Questions and Answers: Act IV
1. Why doesn’t Cléante think that Tartuffe is a true Christian?
2. By Act IV, what is Orgon’s main motive in marrying his daughter to Tartuffe?
3. Why does Orgon wait so long in appearing from under the table?
4. What tone does Elmire adopt with her husband when he finally emerges from under the table?
5. Why doesn’t Tartuffe attempt to use reverse-psychology anymore?
1. A true Christian would preach forgiveness for Damis and not accept an inheritance that is not morally his. Tartuffe has no satisfactory response to these charges.
2. Orgon wants to spite his family. He considers them ungrateful. He is also suffering from a religious complex; from his language, he wants to sacrifice his daughter much the way saints sacrifice themselves: “Marry Tartuffe, and mortify your flesh!”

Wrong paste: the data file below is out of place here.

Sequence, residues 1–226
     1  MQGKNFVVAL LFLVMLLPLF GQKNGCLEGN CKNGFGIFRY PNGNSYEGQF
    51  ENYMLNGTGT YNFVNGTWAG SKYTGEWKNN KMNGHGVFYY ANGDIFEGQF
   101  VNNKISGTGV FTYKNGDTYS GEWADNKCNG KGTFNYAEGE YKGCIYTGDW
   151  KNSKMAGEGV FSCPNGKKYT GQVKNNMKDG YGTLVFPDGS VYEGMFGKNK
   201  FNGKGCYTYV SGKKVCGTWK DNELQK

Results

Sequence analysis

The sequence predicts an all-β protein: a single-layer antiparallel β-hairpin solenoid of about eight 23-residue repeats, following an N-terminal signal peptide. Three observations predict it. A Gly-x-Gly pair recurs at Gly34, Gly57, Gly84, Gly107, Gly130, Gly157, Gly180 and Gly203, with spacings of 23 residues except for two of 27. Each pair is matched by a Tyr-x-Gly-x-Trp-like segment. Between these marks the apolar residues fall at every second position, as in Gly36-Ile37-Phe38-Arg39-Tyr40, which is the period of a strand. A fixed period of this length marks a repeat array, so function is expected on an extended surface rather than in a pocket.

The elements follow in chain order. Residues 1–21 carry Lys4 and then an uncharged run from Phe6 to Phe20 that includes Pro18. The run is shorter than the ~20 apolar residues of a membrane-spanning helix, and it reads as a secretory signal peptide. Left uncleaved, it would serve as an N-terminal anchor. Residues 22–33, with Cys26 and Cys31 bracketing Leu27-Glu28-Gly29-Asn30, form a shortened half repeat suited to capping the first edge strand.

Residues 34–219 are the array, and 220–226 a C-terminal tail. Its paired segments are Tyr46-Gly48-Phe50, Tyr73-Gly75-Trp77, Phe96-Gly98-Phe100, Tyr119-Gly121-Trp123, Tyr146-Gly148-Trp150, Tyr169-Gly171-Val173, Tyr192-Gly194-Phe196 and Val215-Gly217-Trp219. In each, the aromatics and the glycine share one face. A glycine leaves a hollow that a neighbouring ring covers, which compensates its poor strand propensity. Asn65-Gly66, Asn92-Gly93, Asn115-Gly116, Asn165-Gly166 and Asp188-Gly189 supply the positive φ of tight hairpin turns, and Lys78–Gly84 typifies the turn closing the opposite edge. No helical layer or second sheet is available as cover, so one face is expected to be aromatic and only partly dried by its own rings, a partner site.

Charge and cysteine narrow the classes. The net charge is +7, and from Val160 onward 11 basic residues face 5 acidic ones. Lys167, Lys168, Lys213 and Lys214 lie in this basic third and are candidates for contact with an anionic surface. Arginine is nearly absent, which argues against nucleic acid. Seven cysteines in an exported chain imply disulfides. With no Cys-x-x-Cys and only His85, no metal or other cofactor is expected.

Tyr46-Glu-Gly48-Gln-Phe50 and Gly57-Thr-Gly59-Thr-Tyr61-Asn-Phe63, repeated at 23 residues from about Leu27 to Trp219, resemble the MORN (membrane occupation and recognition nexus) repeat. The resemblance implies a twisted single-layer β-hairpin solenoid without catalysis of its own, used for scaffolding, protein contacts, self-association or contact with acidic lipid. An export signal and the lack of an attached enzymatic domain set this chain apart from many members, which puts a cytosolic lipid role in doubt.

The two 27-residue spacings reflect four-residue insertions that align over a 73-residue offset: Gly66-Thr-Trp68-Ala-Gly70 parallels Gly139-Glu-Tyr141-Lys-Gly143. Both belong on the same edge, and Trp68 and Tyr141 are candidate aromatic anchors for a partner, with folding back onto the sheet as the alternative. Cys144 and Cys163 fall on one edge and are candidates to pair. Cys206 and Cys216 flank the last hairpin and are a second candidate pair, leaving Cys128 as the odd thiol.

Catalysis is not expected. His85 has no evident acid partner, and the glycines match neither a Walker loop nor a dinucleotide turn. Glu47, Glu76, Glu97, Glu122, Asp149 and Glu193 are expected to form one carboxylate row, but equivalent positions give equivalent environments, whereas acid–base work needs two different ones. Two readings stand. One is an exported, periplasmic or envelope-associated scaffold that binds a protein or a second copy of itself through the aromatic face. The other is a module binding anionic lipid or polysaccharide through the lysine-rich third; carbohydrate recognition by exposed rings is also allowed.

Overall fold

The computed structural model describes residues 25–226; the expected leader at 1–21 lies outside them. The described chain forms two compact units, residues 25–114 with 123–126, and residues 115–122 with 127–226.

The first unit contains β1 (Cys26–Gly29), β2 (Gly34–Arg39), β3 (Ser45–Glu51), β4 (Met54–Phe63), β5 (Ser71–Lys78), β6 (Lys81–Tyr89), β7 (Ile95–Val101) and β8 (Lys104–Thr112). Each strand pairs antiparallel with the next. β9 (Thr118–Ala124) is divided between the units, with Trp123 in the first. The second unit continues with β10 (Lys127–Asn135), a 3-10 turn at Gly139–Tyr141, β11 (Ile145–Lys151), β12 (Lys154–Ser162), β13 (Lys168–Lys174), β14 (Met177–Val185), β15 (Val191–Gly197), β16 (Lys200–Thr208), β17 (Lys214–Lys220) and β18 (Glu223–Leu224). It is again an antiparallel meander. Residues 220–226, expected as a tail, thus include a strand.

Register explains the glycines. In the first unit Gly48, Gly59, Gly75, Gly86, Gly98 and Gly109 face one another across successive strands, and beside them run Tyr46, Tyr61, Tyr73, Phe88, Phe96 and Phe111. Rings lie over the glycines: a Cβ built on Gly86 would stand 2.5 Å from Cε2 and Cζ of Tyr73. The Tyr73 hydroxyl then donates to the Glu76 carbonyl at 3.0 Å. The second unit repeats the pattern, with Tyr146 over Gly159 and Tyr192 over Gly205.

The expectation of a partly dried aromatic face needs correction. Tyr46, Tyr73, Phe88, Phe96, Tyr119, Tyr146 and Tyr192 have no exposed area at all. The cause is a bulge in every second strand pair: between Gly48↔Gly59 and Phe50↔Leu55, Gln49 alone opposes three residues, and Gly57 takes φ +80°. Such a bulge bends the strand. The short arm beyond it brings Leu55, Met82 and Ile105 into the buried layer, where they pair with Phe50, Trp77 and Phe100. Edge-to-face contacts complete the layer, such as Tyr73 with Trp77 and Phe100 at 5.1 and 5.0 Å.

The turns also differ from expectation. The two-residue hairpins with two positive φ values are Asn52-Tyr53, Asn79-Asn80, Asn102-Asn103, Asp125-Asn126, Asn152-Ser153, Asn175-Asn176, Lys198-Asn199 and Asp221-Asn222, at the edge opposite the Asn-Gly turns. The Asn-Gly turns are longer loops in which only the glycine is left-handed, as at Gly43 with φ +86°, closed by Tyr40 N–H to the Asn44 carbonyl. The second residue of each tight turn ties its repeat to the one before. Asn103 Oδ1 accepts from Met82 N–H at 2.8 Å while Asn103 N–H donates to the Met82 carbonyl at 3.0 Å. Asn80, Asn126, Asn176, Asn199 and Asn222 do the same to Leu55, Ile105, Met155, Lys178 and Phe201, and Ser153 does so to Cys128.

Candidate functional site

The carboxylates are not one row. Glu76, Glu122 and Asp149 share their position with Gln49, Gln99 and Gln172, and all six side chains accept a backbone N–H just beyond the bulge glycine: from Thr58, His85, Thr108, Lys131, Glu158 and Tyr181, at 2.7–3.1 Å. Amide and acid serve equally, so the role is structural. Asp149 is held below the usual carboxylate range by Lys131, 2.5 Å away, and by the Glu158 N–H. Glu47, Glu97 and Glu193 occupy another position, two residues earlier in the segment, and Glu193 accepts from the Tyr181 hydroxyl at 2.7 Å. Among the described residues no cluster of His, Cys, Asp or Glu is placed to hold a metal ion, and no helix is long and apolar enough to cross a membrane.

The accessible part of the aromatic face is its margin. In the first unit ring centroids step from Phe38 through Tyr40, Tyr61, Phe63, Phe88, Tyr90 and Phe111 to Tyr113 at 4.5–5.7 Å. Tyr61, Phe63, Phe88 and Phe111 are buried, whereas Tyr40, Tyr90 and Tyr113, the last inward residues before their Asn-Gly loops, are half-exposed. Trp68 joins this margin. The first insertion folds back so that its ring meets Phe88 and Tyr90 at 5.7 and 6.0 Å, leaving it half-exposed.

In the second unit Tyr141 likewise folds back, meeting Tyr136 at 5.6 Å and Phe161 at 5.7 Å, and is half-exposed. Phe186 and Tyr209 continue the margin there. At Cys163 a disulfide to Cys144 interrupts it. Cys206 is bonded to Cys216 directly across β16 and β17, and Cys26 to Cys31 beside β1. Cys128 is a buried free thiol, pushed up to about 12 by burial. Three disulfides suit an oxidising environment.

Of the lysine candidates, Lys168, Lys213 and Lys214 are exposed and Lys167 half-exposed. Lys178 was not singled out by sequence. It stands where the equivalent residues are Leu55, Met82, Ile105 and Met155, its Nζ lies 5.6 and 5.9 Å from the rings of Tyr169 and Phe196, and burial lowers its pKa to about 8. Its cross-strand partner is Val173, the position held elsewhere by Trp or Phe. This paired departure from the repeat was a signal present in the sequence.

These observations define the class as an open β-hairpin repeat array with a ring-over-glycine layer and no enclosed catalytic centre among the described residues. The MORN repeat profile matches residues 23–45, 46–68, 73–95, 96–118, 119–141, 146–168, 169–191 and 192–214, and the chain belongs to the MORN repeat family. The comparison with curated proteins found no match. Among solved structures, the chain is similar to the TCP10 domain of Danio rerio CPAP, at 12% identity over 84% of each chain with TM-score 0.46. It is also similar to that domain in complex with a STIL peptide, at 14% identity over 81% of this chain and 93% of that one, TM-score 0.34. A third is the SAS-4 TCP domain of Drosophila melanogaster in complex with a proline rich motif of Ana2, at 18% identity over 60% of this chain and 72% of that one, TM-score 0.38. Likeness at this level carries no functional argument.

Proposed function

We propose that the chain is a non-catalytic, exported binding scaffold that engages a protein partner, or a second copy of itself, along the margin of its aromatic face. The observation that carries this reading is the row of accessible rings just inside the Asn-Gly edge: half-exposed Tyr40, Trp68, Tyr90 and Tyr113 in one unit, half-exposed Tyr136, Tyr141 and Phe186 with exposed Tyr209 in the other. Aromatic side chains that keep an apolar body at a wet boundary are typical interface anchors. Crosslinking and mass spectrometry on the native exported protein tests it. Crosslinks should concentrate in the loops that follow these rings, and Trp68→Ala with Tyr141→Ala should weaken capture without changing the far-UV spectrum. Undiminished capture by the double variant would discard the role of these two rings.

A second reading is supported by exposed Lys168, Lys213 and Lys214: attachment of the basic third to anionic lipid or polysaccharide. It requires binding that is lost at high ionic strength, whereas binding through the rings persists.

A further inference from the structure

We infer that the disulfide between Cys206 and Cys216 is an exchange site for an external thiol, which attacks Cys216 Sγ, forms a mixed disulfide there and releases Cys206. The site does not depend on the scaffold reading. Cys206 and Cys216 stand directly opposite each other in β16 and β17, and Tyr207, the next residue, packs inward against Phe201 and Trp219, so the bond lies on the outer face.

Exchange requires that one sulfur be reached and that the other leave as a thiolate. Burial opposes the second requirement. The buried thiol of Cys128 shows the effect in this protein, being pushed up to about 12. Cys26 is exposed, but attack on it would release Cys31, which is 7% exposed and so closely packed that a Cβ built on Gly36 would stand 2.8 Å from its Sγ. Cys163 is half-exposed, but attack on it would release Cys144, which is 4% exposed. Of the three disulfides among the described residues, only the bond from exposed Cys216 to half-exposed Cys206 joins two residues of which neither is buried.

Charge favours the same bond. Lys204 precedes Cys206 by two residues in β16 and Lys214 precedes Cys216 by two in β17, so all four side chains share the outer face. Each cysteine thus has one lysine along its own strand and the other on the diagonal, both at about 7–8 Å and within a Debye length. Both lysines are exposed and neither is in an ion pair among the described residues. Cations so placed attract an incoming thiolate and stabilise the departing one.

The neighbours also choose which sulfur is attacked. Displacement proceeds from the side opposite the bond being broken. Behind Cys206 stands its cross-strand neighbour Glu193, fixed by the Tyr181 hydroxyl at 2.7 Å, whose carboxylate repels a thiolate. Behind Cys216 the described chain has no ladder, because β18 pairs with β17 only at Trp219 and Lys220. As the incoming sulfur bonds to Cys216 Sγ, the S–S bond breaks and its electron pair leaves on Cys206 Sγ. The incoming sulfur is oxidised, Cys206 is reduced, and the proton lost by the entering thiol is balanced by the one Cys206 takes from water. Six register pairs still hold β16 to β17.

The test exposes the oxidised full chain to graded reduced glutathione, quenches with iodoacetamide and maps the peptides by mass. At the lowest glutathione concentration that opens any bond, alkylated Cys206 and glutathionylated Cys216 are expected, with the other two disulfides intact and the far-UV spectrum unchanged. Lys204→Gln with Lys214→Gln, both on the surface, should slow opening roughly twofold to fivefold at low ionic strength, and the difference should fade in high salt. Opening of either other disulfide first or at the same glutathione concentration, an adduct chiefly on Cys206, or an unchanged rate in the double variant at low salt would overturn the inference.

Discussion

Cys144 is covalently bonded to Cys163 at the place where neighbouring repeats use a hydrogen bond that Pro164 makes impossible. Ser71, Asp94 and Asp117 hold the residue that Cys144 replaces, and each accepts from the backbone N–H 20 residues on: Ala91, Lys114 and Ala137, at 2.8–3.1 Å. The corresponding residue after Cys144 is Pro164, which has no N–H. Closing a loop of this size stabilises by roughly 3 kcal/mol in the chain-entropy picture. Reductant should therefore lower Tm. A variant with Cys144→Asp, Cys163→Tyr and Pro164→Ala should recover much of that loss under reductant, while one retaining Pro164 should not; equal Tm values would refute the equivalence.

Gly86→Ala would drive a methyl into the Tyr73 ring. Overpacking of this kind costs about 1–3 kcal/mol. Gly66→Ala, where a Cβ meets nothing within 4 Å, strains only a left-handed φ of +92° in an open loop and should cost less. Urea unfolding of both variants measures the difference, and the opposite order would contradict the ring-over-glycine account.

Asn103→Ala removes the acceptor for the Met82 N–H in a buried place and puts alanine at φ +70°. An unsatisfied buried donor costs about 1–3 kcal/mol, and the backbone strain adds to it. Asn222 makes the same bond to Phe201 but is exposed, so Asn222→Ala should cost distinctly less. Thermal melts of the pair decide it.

3. There is no simple answer to this question. Most likely, Molière drags out the scene to maximize comedic effect. Orgon has been duped for so long that it is only natural to drag out the scene to emphasize how badly he has been fooled. The extended seduction and rebuff gives the actor who plays Tartuffe an opportunity to ham up the part. He can constantly grapple and paw Elmire while giving a speech on piety. The reader should always remember that Tartuffe is a comedy.
4. In ironic language, Elmire mocks her husband for how badly he has been duped up until that scene, even resorting to quoting Tartuffe’s seduction line (prove “concretely”):
What, coming out so soon? How premature!
Get back in hiding, and wait until you’re sure.
Stay till the end, and be convinced completely;
We mustn’t stop till things are proved concretely.
5. Orgon has signed over his entire estate to Tartuffe and also given him an incriminating letter. Tartuffe feels that he has all he needs to take complete control over Orgon’s property. There is no longer any need to play a role.